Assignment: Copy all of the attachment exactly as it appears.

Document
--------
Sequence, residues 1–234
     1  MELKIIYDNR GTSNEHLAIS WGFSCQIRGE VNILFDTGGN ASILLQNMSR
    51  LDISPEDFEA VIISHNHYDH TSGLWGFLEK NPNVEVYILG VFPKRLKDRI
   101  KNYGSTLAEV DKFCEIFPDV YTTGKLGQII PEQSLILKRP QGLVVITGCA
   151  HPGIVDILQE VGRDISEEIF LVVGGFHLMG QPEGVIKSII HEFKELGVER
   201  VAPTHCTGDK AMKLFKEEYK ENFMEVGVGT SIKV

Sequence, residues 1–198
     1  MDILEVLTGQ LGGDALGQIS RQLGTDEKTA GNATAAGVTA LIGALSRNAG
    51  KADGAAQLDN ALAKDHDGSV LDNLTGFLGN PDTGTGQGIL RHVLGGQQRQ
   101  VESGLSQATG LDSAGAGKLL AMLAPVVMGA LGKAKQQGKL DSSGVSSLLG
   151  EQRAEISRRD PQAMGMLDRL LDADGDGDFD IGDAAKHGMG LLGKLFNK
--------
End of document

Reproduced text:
Sequence, residues 1–234
     1  MELKIIYDNR GTSNEHLAIS WGFSCQIRGE VNILFDTGGN ASILLQNMSR
    51  LDISPEDFEA VIISHNHYDH TSGLWGFLEK NPNVEVYILG VFPKRLKDRI
   101  KNYGSTLAEV DKFCEIFPDV YTTGKLGQII PEQSLILKRP QGLVVITGCA
   151  HPGIVDILQE VGRDISEEIF LVVGGFHLMG QPEGVIKSII HEFKELGVER
   201  VAPTHCTGDK AMKLFKEEYK ENFMEVGVGT SIKV

Sequence, residues 1–198
     1  MDILEVLTGQ LGGDALGQIS RQLGTDEKTA GNATAAGVTA LIGALSRNAG
    51  KADGAAQLDN ALAKDHDGSV LDNLTGFLGN PDTGTGQGIL RHVLGGQQRQ
   101  VESGLSQATG LDSAGAGKLL AMLAPVVMGA LGKAKQQGKL DSSGVSSLLG
   151  EQRAEISRRD PQAMGMLDRL LDADGDGDFD IGDAAKHGMG LLGKLFNK